Olympic Gold – Part 1

To celebrate the 2016 Rio Olympics, I wanted to create a ‘3D’ running game, using a MakeyMakey running mat as input. In the first of 2 posts, I outline the process of creating the game. (See part 2 for how to create the running mat.)

Sprinting in 2D

Initially I created something very simple, with the Scratch cat moving towards a finish line when the left and right arrow keys are alternately pressed.

Here’s what the project looks like (click the image below to play):


The code needed to create this game is very simple. A sprite just moves (and changes costume) whenever the left and right arrow keys are pressed, until the finish line is reached.


However, there’s a problem when playing the game – simply holding down the left and right arrow keys causes the Scratch cat to sprint towards the finish line in record time! To fix this, I decided to add in blocks to wait until each key is not pressed after it has been pressed. This means that each key has to be pressed and released in turn for the cat to move.


Sprinting in ‘3D’

After children have grasped the basics of Scratch, one thing I’m often asked is whether it’s possible to make 3D games in Scratch. Although not easy, the answer is that it’s definitely possible.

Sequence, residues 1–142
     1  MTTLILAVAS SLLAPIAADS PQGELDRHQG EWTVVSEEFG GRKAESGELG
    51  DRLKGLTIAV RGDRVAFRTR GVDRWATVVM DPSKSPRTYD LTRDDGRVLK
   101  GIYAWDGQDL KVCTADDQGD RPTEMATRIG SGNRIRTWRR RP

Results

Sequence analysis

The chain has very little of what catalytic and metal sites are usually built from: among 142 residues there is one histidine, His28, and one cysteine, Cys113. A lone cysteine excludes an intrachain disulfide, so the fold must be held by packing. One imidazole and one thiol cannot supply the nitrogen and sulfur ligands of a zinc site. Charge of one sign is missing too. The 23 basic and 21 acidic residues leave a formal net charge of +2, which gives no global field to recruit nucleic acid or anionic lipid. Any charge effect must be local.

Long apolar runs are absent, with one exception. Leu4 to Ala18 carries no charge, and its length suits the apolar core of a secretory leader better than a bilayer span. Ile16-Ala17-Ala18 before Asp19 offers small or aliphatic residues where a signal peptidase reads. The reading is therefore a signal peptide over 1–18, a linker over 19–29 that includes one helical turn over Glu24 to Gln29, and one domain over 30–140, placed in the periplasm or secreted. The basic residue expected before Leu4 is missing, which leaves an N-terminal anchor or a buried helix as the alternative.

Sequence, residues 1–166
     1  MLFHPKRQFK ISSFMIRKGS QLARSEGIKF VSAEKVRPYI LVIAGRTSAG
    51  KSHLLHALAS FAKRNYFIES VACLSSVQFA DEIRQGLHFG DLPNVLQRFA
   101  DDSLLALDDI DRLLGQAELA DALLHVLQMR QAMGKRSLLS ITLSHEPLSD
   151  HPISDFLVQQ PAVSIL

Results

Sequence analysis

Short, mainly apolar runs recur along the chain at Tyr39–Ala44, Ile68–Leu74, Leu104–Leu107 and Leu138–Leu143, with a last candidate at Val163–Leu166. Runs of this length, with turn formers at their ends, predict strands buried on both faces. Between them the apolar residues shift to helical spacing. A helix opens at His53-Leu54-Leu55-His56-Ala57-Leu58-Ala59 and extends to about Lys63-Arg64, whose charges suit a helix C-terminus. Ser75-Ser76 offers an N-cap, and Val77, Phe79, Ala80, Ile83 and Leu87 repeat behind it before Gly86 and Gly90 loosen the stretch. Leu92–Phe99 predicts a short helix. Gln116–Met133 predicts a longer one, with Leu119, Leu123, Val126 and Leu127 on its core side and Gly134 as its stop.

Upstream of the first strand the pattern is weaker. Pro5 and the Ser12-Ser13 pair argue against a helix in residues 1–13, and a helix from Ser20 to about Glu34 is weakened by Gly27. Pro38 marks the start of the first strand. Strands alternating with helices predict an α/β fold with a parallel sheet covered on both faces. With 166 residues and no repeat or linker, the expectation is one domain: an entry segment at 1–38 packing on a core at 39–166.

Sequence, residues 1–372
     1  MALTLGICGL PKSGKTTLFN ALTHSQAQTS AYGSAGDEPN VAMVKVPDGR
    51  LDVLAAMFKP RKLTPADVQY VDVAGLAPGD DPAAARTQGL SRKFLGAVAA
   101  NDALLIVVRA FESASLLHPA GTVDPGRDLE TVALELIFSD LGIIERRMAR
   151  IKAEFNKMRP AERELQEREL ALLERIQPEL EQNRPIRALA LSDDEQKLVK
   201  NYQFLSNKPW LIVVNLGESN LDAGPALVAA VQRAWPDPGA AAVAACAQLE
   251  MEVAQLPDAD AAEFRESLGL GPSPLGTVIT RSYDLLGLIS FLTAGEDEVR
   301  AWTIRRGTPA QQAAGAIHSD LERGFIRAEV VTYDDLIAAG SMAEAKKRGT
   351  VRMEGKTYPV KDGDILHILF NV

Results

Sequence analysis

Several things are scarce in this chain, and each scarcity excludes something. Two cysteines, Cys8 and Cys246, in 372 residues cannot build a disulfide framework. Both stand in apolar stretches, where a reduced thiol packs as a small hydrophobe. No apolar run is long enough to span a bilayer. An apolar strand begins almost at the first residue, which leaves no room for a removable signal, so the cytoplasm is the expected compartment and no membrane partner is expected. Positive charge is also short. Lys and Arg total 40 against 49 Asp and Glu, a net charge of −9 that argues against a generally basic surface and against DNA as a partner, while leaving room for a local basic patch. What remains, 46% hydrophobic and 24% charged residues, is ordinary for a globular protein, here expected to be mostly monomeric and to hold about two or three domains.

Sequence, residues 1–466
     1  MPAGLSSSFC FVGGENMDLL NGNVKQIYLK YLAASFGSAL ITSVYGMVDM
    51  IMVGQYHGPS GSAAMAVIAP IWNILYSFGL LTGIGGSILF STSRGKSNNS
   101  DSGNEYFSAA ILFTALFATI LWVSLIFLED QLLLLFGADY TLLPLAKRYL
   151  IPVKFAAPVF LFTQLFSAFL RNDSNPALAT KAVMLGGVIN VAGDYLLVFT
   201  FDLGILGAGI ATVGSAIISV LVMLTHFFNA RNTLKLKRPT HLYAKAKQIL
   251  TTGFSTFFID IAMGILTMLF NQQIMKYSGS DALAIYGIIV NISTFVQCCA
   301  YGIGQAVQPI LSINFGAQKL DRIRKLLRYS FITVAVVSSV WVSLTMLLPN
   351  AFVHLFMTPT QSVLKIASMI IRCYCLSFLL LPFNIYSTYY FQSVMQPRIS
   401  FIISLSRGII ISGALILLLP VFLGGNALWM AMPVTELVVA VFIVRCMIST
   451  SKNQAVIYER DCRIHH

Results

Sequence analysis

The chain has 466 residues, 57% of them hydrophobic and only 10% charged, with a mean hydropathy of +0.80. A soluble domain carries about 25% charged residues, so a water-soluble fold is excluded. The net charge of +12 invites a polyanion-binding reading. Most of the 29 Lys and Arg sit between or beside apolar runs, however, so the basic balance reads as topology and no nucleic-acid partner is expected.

What they often want is for characters to move towards them, instead of left-to-right across the stage. This can be achieved by creating a stage background with a 3D perspective, like this:


The code can then be adapted to enlarge and move the finish line as the left and right arrow keys are pressed (and released):


Notice how it’s now the finish line that’s moving, so I’ve created a ‘distance’ variable, so that the game knows when the race is over.

Here’s the finished ‘Olympic Gold’ project (click the image below to play):

Screen Shot 2016-07-01 at 13.09.25.png

Hall of Fame

The game includes a high score table (created as a list) to keep track of the fastest sprinters. At the end of each game, a check is made to see whether the player’s time is faster than the slowest time in the list (the last item).


If the player has sprinted fast enough to make the high score table, a custom Scratch block inserts the player’s score at the correct position in the list.


Creating a ‘3D’ Sprint Game

A simplified version of this game is available available to registered clubs as a new ‘Sprint!’ Scratch project, along with 3 other Olympics-themed projects.


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